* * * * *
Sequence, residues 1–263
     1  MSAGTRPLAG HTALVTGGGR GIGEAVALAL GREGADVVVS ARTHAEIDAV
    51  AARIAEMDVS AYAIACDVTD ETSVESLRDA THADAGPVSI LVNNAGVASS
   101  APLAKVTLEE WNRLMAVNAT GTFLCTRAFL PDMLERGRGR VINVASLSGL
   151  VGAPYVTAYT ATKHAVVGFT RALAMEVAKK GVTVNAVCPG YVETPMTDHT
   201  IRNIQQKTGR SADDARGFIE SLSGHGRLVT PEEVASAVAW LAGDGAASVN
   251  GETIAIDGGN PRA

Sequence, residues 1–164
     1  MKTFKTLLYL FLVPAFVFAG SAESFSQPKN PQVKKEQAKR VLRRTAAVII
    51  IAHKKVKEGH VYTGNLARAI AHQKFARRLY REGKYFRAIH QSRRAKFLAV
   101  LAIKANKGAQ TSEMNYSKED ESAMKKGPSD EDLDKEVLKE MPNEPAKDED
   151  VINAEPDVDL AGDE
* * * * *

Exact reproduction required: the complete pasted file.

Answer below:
Sequence, residues 1–263
     1  MSAGTRPLAG HTALVTGGGR GIGEAVALAL GREGADVVVS ARTHAEIDAV
    51  AARIAEMDVS AYAIACDVTD ETSVESLRDA THADAGPVSI LVNNAGVASS
   101  APLAKVTLEE WNRLMAVNAT GTFLCTRAFL PDMLERGRGR VINVASLSGL
   151  VGAPYVTAYT ATKHAVVGFT RALAMEVAKK GVTVNAVCPG YVETPMTDHT
   201  IRNIQQKTGR SADDARGFIE SLSGHGRLVT PEEVASAVAW LAGDGAASVN
   251  GETIAIDGGN PRA

Sequence, residues 1–164
     1  MKTFKTLLYL FLVPAFVFAG SAESFSQPKN PQVKKEQAKR VLRRTAAVII
    51  IAHKKVKEGH VYTGNLARAI AHQKFARRLY REGKYFRAIH QSRRAKFLAV
   101  LAIKANKGAQ TSEMNYSKED ESAMKKGPSD EDLDKEVLKE MPNEPAKDED
   151  VINAEPDVDL AGDE